Don't get me wrong; I greatly appreciate talent. Maybe it has something to do with building airplanes taking a more realistic approach to modeling our subjects, but I feel most everyone here is a modeler first and might consider themselves artists second at best. Some of the other genres of kits allow a more interpretive method of painting and weathering, where one is more comfortable to try schemes that likely never existed. I mean, anything you paint on a dinosaur model is pure conjecture, right? We have no real life examples so now we base their appearance on our expectation of similar living species. You can paint a model car any way you like, as you can do that in real life.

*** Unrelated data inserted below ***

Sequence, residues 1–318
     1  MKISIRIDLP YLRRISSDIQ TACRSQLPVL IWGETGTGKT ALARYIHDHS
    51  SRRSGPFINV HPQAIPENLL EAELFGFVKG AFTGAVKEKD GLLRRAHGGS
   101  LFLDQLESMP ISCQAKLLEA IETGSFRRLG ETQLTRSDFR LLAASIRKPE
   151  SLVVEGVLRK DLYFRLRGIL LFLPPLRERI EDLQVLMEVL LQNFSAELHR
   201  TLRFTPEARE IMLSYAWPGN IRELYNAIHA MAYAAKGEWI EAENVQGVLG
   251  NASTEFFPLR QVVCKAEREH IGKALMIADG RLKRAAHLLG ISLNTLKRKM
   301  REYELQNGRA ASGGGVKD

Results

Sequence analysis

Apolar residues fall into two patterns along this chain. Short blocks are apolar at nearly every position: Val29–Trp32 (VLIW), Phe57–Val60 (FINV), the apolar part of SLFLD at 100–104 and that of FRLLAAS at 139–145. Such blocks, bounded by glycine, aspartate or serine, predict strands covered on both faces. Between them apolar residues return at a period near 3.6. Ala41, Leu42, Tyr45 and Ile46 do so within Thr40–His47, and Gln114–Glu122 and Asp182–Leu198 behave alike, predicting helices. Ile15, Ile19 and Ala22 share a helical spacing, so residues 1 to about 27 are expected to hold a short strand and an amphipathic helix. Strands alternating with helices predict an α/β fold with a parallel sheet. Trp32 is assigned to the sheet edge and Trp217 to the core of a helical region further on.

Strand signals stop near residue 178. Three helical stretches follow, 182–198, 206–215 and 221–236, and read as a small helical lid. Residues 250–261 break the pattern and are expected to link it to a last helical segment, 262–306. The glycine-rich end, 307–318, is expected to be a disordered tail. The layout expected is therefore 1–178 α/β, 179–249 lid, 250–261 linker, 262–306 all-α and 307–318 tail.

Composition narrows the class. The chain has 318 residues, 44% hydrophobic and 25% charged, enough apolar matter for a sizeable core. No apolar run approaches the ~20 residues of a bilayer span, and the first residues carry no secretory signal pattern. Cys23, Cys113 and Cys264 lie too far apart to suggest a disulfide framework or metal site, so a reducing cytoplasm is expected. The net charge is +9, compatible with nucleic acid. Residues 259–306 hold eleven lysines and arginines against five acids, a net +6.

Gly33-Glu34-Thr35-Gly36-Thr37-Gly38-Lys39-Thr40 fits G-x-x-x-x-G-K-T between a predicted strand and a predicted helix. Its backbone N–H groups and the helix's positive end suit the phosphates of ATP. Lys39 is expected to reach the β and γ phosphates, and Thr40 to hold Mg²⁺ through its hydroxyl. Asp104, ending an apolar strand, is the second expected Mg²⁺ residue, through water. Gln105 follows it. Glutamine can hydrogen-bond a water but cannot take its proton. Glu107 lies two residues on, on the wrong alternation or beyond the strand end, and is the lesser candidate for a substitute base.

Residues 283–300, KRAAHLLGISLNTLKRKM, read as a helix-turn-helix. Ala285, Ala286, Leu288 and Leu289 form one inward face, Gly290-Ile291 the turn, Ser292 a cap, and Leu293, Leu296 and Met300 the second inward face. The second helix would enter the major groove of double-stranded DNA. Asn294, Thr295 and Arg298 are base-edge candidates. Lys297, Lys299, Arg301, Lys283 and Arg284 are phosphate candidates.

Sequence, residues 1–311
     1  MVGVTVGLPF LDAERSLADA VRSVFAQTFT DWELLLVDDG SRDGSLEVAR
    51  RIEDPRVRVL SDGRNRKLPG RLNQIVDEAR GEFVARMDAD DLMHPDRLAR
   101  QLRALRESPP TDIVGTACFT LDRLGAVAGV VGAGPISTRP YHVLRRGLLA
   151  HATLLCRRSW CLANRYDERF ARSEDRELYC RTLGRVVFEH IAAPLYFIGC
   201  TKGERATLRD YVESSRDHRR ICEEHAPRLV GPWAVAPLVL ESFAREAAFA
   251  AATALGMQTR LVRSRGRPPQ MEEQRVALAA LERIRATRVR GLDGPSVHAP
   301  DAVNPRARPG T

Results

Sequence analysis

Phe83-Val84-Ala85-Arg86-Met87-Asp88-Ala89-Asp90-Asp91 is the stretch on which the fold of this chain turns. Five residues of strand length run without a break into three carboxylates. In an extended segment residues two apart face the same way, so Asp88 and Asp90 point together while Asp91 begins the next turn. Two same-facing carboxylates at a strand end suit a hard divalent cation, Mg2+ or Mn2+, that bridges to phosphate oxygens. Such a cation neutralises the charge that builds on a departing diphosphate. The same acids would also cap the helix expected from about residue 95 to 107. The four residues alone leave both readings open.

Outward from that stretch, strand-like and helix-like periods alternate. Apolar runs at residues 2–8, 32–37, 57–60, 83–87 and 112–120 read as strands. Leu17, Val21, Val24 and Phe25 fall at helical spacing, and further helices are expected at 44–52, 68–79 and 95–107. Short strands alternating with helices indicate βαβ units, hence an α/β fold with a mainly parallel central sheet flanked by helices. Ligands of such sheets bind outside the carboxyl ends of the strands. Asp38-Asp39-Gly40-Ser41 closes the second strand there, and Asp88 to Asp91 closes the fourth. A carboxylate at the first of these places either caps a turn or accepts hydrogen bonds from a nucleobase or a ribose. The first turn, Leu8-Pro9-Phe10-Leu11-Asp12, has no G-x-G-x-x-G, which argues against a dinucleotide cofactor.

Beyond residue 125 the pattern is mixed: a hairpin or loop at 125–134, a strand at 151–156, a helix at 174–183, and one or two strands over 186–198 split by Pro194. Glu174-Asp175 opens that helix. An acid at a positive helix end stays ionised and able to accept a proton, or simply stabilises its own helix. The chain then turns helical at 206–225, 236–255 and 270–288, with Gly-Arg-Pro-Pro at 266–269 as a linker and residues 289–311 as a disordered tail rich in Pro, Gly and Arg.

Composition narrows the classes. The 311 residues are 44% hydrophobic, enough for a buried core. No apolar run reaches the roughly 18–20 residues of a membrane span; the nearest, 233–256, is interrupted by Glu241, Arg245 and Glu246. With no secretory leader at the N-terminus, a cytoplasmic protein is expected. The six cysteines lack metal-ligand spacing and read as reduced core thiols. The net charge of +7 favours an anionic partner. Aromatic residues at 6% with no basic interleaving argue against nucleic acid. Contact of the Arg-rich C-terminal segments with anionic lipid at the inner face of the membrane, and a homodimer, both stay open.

But while one might smile at the notion of painting a B-52 in the polka-dot assembly ship pattern Shep Paine demonstrated in the pamphlet that came with the Monogram B-24 kit, I'm pretty sure that never happened. Same with those Tiger tanks that are so rusty and chipped they look like they fell in a saltwater tank, got fished out, and were dried by firing rust flakes at them with a high-pressure hose. They pull Stugs out of bogs that are in better shape. And don't even get me started on modulation. I know many people dig it, but I don't quite understand the point of simulating light fall from a particular direction, unless you are sure you can align the model with the room lighting. I understand it is to create contrast and make an otherwise monotone paint job more interesting, but at heart it is about the illusion of light catching various points on the model and using different shades of base coat to create light/shadow points where you want them--rather than where natural falling light would place them. Maybe I just have a sensitivity to types of lighting. One of my biggest peeves still with CGI is how they still haven't quite gotten to the point where light hitting CGI characters matches the living actors. This is sorely obvious to me in the Marvel and DC films, as well as Star Wars. When I see the Hulk, for example, all I see is a big chunk of pixels that was plainly inserted into the footage. It's like watching modern day versions of old B-movies where the giant spider is horribly spliced into the scene with the stock footage of screaming city people, only not as entertaining to me. Okay, so I went from a rant on going too far with technique to one about bad CGI. It happens. But then I am the kid who stood up at the end of "E.T." and proclaimed loudly to my dad and brother, "Why is everyone crying? It was just a puppet."